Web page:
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Death Tribe – ‘Beyond the Red Light District: A Canal Experiment’

Publisher
Independent Release
FFO
Arch Enemy, Lamb of God, Sylosis
Release Date
July 23, 2021
Publisher
Independent Release
Genre
Extreme Metal (Death/Thrash/Melodic)

Death Tribe hailing from the lands of Lebanon release its second full length album, titled, ‘Beyond the Red Light District: A Canal Experiment’. If you aren’t familiar with Death Tribe it’s an Extreme Metal entity created by the sole architect, Anthony Kaoteon (guitars, lyrics, some vocals), while Anthony may be the soul that inhabits this body, its flesh is composed of different elements, which takes the form of a variety of members who inject their essence into this organism. To hone in on this vessel’s genre it may be a tad bit difficult as the sound that is expelled bends and contorts into different shapes and forms that its aura becomes unpredictable, this aspect however, works as the album’s key advantage.

If an image were to be carved, it would take shape of a being who possess a multitude of faces, each adorned in a different mask, each mask with its own intricate details and attributes speaking in its own tongue, but remove the mask and behind the façade, the one who animates the second skin to life, I believe would be the face of Anthony. What is meant by this is that each track on the album is cloaked in a different genre whether it be Groove Metal, Progressive Metal and even Melodic Death Metal. Now this may sound convoluted to the reader, but it’s almost like an abstract work of art, with a myriad of colors and intersecting lines meandering in and out of each other, for some, it may rack the mind with much bewilderment, but, if one were to look closely they may observe that within the lines, where the colors meet and mix into another, a picture is formed within the chaos.

The overall instrumentational element of the album is rather constructed perfectly to flow and shape around each track giving it the much needed atmosphere, for instance the first track, ‘Blacked Out’ feels like an amalgamation of the southern groove patterns of Pantera meshed with the snarling, rabid vocal deliveries of Lamb of God, but what makes it feel fresh is the musical prowess displayed that connects the separate elements in the song and binds it in unison. This is also portrayed on ‘Making a Murderer’ which exhales a classical, symphonic vibe at certain interjections coupled with the fast-paced riffing, however, as stated before, while the album may foster a chaotic air, what makes the sound potent and the message within almost breathable is the production employed. All the instruments have a clear, crisp output of clarity within the notes dispelled, where the dissonance need be like a maelstrom of noise, the production brings this to reality, also where the symphonic elements require the vibe to be ceremonial with the added violins, the production adds a layer to these elements to make them illuminate throughout the tracks. The vocal delivery, though varied, is spewed with words that would make the throat raw and the tongue heavy, as the registers utilized here projects whatever emotions that needs to fill the gaps within each track.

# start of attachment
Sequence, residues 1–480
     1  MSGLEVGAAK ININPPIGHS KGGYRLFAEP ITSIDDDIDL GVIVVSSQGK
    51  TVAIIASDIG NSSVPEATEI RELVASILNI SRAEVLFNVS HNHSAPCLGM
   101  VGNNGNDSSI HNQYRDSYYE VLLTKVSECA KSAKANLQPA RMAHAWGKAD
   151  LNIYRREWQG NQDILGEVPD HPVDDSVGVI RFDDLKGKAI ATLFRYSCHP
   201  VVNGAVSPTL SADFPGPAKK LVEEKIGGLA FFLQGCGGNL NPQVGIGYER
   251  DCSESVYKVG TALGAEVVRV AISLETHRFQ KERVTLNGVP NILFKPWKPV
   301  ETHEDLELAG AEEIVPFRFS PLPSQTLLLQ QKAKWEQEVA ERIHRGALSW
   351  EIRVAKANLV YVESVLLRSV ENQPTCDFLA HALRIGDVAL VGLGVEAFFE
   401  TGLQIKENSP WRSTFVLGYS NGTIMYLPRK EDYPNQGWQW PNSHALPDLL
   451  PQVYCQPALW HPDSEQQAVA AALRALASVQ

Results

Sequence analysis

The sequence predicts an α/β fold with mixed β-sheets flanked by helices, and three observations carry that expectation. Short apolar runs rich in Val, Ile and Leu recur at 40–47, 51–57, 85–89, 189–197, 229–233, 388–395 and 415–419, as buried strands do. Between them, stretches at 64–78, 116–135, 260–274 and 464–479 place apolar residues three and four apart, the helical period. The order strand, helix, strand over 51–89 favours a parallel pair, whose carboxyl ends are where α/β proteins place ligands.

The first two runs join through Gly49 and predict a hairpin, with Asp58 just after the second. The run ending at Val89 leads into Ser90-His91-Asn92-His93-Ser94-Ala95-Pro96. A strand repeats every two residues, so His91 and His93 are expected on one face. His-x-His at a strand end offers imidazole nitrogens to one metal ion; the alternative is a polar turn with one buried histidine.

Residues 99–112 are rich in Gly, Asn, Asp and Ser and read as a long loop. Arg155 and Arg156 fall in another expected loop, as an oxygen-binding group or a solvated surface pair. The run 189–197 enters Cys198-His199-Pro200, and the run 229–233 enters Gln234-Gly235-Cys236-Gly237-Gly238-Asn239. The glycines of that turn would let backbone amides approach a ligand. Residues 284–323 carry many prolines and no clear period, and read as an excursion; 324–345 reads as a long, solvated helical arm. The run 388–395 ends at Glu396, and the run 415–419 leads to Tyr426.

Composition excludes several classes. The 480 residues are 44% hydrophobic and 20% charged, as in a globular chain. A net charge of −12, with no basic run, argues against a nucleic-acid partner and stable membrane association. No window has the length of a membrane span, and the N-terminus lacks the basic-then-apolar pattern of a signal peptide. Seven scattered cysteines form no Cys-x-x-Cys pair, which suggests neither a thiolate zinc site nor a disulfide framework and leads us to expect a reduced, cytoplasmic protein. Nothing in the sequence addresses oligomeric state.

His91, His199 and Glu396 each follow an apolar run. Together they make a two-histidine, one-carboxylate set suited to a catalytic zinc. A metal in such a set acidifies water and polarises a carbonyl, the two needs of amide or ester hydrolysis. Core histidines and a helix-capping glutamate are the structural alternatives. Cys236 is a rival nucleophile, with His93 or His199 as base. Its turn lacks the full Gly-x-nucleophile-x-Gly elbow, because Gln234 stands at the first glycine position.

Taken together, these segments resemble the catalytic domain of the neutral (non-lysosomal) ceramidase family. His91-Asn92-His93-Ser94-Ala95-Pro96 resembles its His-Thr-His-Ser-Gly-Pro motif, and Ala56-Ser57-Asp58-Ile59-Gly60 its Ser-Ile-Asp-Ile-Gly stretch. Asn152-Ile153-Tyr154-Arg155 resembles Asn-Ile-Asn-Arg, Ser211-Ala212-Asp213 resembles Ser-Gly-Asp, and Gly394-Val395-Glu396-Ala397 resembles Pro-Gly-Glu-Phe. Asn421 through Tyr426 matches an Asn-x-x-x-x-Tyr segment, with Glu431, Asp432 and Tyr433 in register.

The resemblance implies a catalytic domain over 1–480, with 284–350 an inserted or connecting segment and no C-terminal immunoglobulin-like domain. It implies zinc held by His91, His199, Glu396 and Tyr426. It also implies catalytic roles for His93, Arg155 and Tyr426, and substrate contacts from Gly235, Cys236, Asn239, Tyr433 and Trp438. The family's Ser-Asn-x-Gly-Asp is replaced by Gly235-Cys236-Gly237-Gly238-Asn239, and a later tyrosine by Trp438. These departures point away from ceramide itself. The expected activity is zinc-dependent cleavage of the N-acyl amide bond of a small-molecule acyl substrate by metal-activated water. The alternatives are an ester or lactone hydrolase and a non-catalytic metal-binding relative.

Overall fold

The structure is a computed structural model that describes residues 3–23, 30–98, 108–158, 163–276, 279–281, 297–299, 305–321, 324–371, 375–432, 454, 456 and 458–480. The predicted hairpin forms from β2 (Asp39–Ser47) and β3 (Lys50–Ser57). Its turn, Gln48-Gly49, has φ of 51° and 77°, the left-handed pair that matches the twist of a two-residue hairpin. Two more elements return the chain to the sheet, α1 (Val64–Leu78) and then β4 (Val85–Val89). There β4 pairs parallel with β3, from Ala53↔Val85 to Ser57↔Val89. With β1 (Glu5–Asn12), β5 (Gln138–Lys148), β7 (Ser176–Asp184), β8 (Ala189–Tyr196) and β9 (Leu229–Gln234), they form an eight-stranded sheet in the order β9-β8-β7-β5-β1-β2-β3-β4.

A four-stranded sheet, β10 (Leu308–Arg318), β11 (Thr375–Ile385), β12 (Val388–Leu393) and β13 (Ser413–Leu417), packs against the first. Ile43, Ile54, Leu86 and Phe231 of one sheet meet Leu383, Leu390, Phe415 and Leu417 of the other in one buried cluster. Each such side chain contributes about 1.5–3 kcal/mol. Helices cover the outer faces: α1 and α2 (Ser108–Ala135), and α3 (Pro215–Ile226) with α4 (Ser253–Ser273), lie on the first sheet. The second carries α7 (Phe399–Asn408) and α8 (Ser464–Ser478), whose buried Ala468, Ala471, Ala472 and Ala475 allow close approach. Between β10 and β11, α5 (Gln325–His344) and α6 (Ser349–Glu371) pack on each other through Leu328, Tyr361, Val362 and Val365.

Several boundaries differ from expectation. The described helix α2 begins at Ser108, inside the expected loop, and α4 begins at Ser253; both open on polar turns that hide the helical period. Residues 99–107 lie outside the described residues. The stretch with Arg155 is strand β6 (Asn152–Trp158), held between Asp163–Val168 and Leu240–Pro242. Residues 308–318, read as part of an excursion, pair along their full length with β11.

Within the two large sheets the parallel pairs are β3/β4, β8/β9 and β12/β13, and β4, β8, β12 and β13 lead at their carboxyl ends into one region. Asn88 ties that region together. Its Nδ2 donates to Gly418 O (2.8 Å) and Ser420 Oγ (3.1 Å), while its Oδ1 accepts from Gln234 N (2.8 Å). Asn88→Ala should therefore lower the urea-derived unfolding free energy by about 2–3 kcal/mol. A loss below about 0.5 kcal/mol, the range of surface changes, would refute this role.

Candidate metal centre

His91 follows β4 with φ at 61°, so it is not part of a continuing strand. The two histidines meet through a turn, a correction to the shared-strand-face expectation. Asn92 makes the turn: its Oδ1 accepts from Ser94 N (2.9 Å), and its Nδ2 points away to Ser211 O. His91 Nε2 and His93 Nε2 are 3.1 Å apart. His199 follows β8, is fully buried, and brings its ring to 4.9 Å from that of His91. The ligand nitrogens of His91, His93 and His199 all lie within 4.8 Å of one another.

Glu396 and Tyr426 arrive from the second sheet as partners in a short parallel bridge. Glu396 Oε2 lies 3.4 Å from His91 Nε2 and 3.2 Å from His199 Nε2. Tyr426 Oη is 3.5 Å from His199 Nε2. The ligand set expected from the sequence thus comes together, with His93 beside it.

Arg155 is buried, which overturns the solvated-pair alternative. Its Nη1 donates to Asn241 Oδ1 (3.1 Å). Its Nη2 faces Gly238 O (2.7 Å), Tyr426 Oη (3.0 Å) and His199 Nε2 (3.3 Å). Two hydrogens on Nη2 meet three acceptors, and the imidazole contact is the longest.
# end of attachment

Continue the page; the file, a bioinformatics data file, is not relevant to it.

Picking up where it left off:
Another positive, albeit personal preference which may seem odd is that the album’s listening experience can be dictated by you….the listener, it can be shuffled about, listened from last to first and it would not compromise the quality of the album. Since each track is built differently, the listener can dissect the album and assemble its pieces to craft to their pleasure in any form they desire.

In closing, Death Tribe offers an album of variety and shades that takes different paths throughout each track, but never sacrifices the consistency of quality. I would definitely recommend this album to any Extreme Metal fan or even those who are new to the genre and would like to experience the different structures that can be built from the sounds echoed.

an album of variety and shades that takes different paths throughout each track
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